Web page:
Mum blogger Constance Hall has claimed she lost all her life savings after being duped by a real estate scam.

Hall posted a lengthy “online cry” on Facebook to warn her followers.

In her post, she recounted applying for heaps of homes and getting no responses, so she decided to look at the property that had been listed the longest.

“And there it was, a beautiful house with a pool and garden and four furnished bedrooms only available for four months, perfect,” Constance wrote.

“I’d never usually never spend that kind of money on rent, but I felt like we all just needed a break, and I could afford it. It just meant I couldn’t save while I was there.”

She contacted the real estate agent and even took a tour of the joint before putting in an offer.

She later received an email informing her she had been approved. It instructed her to transfer the funds for the bond as well as four weeks’ rent.

“It was a lot of money. I was clearing out my savings account and part of last week’s wage, that’s a big hit for the school holidays, but I thought about how excited the kids will be when I tell them, it will be like a holiday in itself,” she wrote.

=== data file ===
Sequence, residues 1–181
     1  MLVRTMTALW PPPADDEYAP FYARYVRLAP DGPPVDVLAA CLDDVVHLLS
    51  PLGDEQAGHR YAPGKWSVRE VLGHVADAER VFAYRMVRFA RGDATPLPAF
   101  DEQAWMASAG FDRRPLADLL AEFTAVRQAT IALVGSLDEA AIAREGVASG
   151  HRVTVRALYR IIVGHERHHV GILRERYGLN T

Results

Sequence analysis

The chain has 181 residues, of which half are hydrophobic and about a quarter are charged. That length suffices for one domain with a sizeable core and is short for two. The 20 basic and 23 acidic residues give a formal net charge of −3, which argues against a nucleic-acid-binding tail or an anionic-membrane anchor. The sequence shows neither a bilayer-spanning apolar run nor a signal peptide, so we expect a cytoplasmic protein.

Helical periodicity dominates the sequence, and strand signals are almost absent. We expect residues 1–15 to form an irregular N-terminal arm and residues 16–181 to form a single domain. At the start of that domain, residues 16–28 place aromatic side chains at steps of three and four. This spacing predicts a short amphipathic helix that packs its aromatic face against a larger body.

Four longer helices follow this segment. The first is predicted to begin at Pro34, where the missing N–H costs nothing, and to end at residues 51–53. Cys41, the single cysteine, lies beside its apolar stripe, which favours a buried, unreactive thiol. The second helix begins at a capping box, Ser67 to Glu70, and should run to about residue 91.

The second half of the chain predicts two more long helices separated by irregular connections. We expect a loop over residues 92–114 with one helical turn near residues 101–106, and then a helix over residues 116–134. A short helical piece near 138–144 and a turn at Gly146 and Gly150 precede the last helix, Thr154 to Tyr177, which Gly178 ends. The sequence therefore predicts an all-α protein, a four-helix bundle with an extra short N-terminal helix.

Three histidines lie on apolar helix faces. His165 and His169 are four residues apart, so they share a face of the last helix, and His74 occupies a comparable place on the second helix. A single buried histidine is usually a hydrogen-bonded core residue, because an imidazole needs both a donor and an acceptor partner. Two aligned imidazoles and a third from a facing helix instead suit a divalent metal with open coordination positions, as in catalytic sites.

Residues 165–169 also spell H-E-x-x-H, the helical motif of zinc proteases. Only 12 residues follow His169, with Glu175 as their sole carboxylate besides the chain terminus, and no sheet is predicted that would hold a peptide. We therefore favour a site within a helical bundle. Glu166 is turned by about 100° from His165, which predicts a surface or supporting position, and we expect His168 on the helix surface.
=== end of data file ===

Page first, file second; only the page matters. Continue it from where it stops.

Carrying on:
“So I paid it, sent the remittance straight away and told them as soon as possible would be great and announced it to the kids who were so excited.”

Days later, Constance Hall got a call from the real estate agent telling her the agency had been hacked.

“The last two emails that I had received on the same email thread weren’t actually from them, it was hackers,” she said.

“The bank account details weren’t really theirs, and the house was never approved.”

She said although she felt “stupid,” she says “I am a businesswoman, I pay large sums internationally often, I’m scam savvy and don’t pay anything that hasn’t come from a known contact with with a credible email history, so no, I’m not stupid.”

Hall said she wanted to warn her fans as this could happen to “literally anyone desperate to get a rental.”

Unfortunately there was nothing that could be done to recover the lost dough.

“The police told me that I had to make an online cyber report but warned that they would be unlikely to recover the funds,” she added.

“The real estate maintained that there was nothing they could do but assured me that their emails were now secure again.”

She concluded by encouraging her followers to be super vigilant.

“Even if you have already been communicating on the exact same email thread, it can’t hurt to call them and make sure it’s still them,” she wrote.